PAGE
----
Growers dependent on abstracted water must work together to become much more engaged in the battle for water.
At a demonstration day in East Anglia organised by the UK Irrigation Association in support of the Sustainable Food and Farming Strategy, some 300 growers and members of the trade agreed that the role of abstractor groups was essential to safeguard and make available water for agriculture.
With a raft of legislation now impinging on abstractor rights including the Water Framework Directive, Habitats Directive and the Water Act, it was now essential for anyone relying on water to become part of the allocation process and to work in groups.
“No water equals no farming [for my business],” Elveden Farms’ Lindsay Hargreaves, who hosted the event near Thetford in Norfolk, told Farmers Weekly. “The regulator can’t deal with individuals. We all have to pull in the right direction.
“There is pressure and uncertainty but we have a regulatory process and we want to believe in it and give it our best shot. There is a willingness to find voluntary solutions within the regulatory framework.”
“We have to encourage abstractors to ‘think catchment’,” the National Farmers Union‘s Paul Hammett said. “They need to organise into groups with our help so they can negotiate their own solutions.”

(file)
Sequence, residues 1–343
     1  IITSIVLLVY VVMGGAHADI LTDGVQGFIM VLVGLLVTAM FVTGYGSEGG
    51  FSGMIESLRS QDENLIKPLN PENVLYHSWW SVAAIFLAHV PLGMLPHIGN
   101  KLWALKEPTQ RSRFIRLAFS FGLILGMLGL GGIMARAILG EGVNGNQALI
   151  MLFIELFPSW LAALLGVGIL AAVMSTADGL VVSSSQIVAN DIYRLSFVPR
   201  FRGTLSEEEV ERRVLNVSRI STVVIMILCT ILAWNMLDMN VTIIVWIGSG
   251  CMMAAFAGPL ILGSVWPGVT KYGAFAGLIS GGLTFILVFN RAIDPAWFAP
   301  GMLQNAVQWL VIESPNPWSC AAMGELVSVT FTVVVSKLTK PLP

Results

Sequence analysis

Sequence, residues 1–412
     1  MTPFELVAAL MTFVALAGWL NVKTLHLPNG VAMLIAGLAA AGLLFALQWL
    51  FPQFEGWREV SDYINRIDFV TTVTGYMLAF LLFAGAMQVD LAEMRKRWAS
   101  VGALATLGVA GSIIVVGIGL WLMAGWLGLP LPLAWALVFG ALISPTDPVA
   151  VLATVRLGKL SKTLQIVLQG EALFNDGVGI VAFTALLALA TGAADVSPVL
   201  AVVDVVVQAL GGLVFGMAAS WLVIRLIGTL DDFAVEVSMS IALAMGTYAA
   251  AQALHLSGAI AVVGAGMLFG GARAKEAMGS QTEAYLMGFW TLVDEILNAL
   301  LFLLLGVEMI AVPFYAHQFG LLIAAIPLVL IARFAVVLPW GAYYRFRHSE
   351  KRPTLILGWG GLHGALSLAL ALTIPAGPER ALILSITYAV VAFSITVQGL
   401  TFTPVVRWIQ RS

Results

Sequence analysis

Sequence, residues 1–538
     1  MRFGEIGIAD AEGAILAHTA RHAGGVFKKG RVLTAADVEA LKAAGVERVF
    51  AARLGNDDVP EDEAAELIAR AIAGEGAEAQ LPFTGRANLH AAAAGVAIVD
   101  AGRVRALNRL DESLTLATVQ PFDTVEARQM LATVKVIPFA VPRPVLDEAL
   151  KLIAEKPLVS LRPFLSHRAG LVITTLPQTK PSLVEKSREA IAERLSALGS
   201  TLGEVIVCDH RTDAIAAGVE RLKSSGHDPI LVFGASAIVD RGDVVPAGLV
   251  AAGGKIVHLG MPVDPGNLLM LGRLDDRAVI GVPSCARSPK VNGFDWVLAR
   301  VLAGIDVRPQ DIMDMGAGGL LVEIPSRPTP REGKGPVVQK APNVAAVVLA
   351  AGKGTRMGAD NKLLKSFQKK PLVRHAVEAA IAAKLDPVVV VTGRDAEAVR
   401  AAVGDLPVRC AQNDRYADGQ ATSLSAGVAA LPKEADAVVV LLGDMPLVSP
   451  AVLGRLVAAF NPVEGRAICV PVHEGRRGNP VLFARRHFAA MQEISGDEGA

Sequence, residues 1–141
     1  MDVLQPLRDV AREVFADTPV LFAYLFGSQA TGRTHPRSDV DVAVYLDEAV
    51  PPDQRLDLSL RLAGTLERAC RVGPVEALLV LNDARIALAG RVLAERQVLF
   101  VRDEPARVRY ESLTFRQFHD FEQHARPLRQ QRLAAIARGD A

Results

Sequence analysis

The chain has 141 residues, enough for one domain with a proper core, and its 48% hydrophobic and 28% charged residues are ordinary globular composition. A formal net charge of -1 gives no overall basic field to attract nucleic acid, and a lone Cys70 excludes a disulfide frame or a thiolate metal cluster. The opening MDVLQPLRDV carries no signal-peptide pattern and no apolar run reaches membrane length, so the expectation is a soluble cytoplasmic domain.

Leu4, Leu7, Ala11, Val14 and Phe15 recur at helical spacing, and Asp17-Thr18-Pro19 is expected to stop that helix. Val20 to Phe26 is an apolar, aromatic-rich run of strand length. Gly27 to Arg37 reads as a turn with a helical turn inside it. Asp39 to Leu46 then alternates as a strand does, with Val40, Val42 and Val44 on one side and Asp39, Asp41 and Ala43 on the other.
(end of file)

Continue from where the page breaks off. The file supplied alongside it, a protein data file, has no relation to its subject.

He believed the NFU also had a role to help grower groups to explain the importance of water for farming to the regulators, to help farmers become better users of water, and to represent farmers’ need for winter storage reservoirs, at the planning and grant level.
“In the future, the best opportunities to get financial help to build reservoirs will be the schemes where farmers share water,” Mr Hammett said.
In most catchments water was a shared and increasingly scarce resource, he pointed out. “We are farming in a region [East Anglia] where there’s huge pressure to protect water-dependent habitats and pressure from housing development.”
But there was a growing belief that farming’s case for water was being heard at the highest level.
“I recently gave evidence to the House of Lords science and technology committee with regard to water management, and reading their report, I thought they gave due consideration to water for agriculture,” Mr Hargreaves said.
The Environment Agency was keen to promote new abstractor groups within the Anglian region, the agency’s Geoff Brighty confirmed. “We’re looking to try to secure some funding to support these initiatives.”
• Contact Geoff Brighty for more information on Anglian abstractor group funding on 01733 464415, email@example.com
• Use water better? Handy tips and more in Crops 15 July